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06 February, 2014

OT: The Sony RX1 (versus Fuji X100s)

I recently bought an used (new is way too expensive) Sony RX1, time for another photographic off-topic. I'll keep it short, follow the links if you want to know more.

Throughout this I'll share some meaningless images of my first week with the RX1
- Mhmmm, GOOD

First and foremost, the lens. Or if you prefer, lens/sensor combination, because these days lenses mean nothing if not seen on a specific sensor. Case in point, all modern mirrorless cameras from the Sony NEX to Micro 4/3 to the recent Sony A7 fullframe in theory can mount a lot of extemely expensive glass from Leica and Zeiss, in practice nothing by the Leica M seems to perform well with these, especially if you go 35mm or wider. 
Yes you can correct some of the defects (and really the Leica M does apply some correction in-camera, that's also why it works better) but honestly, if you're attaching a thousands-of-dollars lens to a body, you don't want anything less than perfection.

So, how does the Sonnar do? One word: wonderful. It's The reason to buy this camera. Easily the best 35mm I've personally used, film or digital, and among the best lenses I've ever seen. 
It's a "people" lens, optimized near and wide open, doesn't care about avoiding distortion (and it shouldn't, these things are easy to correct digitally and lens optimization should focus on other issues nowadays) from f2 to f4 you basically gain only less vignetting. Some people say it's somewhat worse at infinity, I didn't pixel-peep that but I can believe it, still it's an excellent performer, with a dreamy, smooth quality.

Loves people
Second, the handling and build quality. It's very, very good. Still not perfect because you know, no way a modern camera ships with all the controls done right, so you still need two presses for manual focus assist/zoom and you don't have a direct ISO wheel nor an absolute shutter speed wheel (i.e. with markings), but the aperture ring is excellent (fly-by-wire but it feels mechanical, third-stop clicks) and the manual focus one is very good as well. Also, plenty, plenty of customizable buttons. Good rear LCD quality. Well done.

Last but not least, the sensor. Nothing really to say, it's a 24 megapixels full-frame and it delivers exactly what you expect. Very low noise, lots of details, it's quite normal for such a sensor but in a "compact" camera it's not something you see often (in fact, this is the smallest full-frame camera you can buy, period).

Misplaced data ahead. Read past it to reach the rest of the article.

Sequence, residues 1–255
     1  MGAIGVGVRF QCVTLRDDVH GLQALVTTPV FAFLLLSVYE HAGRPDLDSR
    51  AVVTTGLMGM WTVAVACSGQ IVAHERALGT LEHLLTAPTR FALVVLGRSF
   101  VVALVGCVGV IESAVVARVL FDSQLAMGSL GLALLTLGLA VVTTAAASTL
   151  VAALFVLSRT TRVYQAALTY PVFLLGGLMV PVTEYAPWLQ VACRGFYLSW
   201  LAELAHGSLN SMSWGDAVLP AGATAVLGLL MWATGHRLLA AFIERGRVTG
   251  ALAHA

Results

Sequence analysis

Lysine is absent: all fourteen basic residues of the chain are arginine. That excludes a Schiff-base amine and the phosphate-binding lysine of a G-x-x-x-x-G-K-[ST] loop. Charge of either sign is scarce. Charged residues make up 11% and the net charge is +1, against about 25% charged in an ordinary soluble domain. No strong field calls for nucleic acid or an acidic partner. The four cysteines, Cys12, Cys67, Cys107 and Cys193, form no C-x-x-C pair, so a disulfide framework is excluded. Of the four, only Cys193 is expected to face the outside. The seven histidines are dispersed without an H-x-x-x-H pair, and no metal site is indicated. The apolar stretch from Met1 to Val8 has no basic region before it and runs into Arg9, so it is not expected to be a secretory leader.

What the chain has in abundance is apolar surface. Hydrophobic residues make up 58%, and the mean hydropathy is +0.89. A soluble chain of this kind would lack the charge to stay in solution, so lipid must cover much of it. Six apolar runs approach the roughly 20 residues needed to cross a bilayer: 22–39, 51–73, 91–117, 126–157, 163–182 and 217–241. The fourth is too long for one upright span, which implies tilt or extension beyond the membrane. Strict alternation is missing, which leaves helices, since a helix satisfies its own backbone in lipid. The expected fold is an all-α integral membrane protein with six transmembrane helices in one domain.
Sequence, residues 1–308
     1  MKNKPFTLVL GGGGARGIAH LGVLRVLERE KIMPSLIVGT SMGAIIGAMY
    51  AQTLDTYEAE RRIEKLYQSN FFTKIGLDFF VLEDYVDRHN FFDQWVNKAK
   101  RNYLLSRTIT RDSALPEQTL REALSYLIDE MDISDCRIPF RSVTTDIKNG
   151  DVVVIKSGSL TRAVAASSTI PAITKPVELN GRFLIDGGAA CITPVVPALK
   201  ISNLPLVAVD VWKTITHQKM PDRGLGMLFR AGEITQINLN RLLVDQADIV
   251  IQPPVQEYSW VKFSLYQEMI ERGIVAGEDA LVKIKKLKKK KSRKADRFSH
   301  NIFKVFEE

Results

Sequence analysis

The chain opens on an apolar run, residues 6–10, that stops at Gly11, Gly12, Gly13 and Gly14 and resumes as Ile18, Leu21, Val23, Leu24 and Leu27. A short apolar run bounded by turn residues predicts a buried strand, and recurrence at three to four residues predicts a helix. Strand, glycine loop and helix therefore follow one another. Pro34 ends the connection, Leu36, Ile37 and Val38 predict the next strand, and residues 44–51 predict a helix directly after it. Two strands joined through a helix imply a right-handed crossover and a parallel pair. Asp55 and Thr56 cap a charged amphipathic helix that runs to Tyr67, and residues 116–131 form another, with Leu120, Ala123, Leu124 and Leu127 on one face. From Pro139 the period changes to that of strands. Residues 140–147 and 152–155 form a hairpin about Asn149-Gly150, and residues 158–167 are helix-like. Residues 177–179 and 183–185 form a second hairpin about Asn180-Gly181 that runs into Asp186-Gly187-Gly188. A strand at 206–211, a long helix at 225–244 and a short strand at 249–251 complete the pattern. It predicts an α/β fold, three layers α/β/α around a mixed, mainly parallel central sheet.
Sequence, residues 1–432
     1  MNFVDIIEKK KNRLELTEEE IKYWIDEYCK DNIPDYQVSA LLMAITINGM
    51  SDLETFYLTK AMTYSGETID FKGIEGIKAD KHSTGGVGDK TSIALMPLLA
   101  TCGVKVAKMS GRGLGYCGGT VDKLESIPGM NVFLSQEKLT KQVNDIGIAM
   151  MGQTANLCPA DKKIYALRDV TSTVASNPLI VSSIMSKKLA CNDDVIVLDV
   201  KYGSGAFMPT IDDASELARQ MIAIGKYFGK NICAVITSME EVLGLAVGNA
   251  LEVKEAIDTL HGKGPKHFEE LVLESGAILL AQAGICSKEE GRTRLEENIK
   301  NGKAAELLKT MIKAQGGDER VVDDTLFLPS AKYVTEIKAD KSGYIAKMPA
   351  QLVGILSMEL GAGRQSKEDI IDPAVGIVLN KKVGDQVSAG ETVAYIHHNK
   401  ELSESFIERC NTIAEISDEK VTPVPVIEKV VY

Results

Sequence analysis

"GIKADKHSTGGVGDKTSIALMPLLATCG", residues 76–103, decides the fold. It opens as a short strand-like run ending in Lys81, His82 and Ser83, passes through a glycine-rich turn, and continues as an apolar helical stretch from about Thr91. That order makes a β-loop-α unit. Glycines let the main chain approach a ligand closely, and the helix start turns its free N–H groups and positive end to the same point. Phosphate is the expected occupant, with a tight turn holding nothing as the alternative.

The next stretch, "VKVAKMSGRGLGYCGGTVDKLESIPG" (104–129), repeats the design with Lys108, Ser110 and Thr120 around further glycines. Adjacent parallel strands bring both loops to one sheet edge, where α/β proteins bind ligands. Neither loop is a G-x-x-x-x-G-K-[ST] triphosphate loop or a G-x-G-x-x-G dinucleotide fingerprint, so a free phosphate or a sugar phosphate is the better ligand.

No light? Not a problem
- Eeeew, BAD

It's a toy. A wonderful, mesmerizing toy, but not a "professional" camera. At best a second body to have around just for its lens/sensor combo. That doesn't mean you can't take amazing photos with it in any possible condition, it's just not done in a way where I would depend on it if it was critical, if a missed shot meant failure. Why?

I want a "Monochrom" version of this camera!
First, it's lacks a viewfinder! Oh buy you can buy an external one... Let's see, you have two bad options there. 
The first is to go with an EVF, which not only is an EVF (duh) but also attaches to the flash hot-shoe, leaving you without the option of attaching an external flash.
The second is to buy an OVF, but even Sony's own is just a pure optical VF, with no indicators, not even focus confirmation. Which means it's utterly useless, because there are only two scenarios, really. Either you're in a sunny day, and then you can/have to use fast shutter and the three-contact-points given by a viewfinder are not important (certainly not enough to lose all indicators!) or you're at night, then you would want to grip the camera better, but focus is critical, you're probably wide-open and can't even trust the autofocus... So yes, no indicators means no photo.